Skip Content

First visual and hearing screening programme established for children in Uganda

27 April 2017

Group of people in hospital photographing screening programmeUganda's Ministry of Health, in collaboration with Sense International, has established the first visual and hearing screening programme for children with multisensory impairments between 0-­‐3 years.

Children born with complex visual and hearing impairments will have improved developmental outcomes, through accessing a specialist early intervention health service.

The Early Interventions program is a free service for all children aged 0-­‐3 years and is available at Entebbe Hospital, Wakiso, Ndejje and Kasangati Health Centre IVs, from Monday to Friday.

This program is expected to make a tremendous contribution towards reducing child mortality and will provide data for Government of Uganda to introduce Rubella vaccine in the routine vaccination schedule.

Rubella virus often causes visual and hearing impairments including congenital defects of the heart if exposure of the virus to the pregnant mother occurs within three months of pregnancy.

With funding support from DFID, this project is currently being piloted in Wakiso district and after 3 years (2016-­‐2019) the Government of Uganda will roll it out to other health facilities across the country depending on the outcomes.
 
Under this program, the Ministry of Health recruited Occupational Therapists who are based at each of the health facilities to oversee the daily program activities, which include; screening of children,  providing early intervention therapy and management of database and reports as well as training of health workers who carry out hearing and visual screening. Early Intervention units equipped with hearing and visual screening and therapy equipment have been established at each of these health facilities.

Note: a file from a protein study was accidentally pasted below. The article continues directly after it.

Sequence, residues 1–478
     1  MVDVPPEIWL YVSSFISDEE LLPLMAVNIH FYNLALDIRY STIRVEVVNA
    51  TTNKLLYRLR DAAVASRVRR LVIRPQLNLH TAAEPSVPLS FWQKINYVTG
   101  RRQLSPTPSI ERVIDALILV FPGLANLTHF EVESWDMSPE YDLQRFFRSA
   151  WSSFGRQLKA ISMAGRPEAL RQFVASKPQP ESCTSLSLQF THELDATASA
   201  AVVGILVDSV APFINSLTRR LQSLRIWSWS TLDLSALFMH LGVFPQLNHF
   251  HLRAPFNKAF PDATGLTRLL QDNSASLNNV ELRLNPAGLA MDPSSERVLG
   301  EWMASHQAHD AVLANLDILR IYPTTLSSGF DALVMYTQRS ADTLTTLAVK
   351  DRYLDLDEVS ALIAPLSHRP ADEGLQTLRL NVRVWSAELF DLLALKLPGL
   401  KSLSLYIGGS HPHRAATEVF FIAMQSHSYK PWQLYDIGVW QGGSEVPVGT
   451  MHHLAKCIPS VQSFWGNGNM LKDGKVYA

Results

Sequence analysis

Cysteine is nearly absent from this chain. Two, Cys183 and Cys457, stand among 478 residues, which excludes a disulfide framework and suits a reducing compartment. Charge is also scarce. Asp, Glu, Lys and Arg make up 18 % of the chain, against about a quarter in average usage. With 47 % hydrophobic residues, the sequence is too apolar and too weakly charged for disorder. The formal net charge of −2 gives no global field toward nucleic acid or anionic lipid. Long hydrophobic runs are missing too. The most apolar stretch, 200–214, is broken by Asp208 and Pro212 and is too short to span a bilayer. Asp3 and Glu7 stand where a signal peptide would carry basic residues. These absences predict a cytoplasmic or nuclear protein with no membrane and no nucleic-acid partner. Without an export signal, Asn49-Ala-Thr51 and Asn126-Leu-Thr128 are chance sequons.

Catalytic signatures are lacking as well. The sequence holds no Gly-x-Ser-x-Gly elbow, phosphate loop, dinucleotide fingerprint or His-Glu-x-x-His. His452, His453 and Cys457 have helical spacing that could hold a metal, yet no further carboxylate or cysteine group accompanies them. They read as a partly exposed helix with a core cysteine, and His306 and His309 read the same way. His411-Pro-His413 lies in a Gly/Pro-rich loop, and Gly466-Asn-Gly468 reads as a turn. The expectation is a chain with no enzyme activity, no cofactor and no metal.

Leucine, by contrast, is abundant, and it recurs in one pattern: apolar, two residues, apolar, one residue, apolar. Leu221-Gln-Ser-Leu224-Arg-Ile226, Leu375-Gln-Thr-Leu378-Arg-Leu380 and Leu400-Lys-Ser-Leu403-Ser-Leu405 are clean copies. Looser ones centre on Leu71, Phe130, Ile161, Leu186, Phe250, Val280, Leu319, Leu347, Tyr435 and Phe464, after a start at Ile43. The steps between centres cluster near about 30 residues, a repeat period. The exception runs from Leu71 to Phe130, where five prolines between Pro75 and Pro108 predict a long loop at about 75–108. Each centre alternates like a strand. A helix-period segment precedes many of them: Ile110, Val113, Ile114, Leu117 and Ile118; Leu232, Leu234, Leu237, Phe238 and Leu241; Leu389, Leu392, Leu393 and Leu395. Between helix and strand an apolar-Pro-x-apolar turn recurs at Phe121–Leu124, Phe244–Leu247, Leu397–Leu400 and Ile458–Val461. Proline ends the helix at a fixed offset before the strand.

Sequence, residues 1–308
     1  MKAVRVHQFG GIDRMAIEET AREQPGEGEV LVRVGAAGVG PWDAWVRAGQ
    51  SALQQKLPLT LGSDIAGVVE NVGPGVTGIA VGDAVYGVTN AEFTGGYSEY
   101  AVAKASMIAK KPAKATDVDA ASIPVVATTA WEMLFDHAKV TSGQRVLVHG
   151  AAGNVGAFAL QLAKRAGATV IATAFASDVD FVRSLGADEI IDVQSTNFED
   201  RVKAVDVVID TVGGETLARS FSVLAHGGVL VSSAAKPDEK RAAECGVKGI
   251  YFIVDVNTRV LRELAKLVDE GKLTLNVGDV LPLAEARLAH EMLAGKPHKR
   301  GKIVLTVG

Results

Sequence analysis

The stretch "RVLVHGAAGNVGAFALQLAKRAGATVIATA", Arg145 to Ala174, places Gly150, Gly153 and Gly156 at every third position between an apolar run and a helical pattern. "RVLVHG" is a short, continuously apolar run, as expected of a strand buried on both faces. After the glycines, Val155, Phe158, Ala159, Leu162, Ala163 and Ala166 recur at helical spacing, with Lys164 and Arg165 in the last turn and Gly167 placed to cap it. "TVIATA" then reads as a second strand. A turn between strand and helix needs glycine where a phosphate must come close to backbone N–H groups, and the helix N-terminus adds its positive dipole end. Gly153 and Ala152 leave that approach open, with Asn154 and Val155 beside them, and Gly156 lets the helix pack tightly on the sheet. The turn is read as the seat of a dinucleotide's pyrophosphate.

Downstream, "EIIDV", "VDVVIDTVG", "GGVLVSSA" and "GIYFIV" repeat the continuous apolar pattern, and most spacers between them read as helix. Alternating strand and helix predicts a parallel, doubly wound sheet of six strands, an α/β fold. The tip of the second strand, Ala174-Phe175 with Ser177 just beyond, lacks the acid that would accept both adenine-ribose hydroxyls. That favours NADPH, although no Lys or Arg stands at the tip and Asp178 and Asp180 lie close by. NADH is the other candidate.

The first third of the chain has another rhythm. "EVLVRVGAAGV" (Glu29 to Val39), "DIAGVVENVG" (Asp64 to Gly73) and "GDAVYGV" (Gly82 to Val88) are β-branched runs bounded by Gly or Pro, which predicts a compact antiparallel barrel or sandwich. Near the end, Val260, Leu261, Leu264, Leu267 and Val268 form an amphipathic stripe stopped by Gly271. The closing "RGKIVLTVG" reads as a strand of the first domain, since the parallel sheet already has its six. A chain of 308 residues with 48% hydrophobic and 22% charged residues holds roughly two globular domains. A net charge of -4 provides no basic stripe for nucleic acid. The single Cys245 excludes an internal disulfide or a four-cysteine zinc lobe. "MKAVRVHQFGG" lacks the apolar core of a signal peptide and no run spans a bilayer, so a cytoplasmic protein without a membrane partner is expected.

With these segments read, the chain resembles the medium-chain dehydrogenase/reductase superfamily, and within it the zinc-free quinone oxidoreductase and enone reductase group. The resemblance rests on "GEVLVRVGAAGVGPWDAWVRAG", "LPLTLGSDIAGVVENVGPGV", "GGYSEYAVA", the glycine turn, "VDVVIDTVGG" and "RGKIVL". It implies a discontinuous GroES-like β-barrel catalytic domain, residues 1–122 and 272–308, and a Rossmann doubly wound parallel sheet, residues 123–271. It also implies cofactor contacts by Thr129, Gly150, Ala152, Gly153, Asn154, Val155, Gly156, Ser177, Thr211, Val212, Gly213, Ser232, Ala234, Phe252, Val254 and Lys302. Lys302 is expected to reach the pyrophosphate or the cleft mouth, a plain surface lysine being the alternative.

In Uganda, there are limited screening and Early Interventions (EI) services for children with sensory and multi-­‐sensory impairments. New-­‐born babies are not screened for visual and hearing impairments, nor are they provided with essential and appropriate support in the crucial early years of development.

This project will therefore ensure that children born with complex sensory impairments have improved developmental outcomes, through accessing a specialist early intervention and rehabilitation health service.

The programme will also provide data on the prevalence of Congenital Rubella Syndrome and associated impairments required by Government and other stakeholders to introduce the Rubella Vaccination at the public health facilities, which is not currently being provided and yet required to prevent congenital impairments in children.

The Ministry of Health, working with Sense international, therefore calls upon all stakeholders to support the successful implementation and eventual replication of this program in all major health facilities across the country.

 

UK aid

About UK Aid Match

The UK Aid Match scheme was set up by the Department for International Development (DFID) to boost public support for charities helping to transform lives in developing countries. It doubles public donations to appeals run by British international development charities, in recognition of the public's generosity and the wide range of causes they support.

Jersey Overseas Aid (JOA)About Jersey Overseas Aid (JOA)

Jersey has been funding international aid and development since 1968, but the current ‘Jersey Overseas Aid Commission’ was established by law in 2005.

It is an independent body within the responsibilities of the Chief Minister. It is governed by three States Commissioners and three non-States Commissioners, all of whom are appointed by the States of Jersey. Its day-to-day operations are managed by a full-time Executive Director and an Administrative Officer.

First published: Tuesday 18 June 2013
Last updated: Wednesday 11 October 2017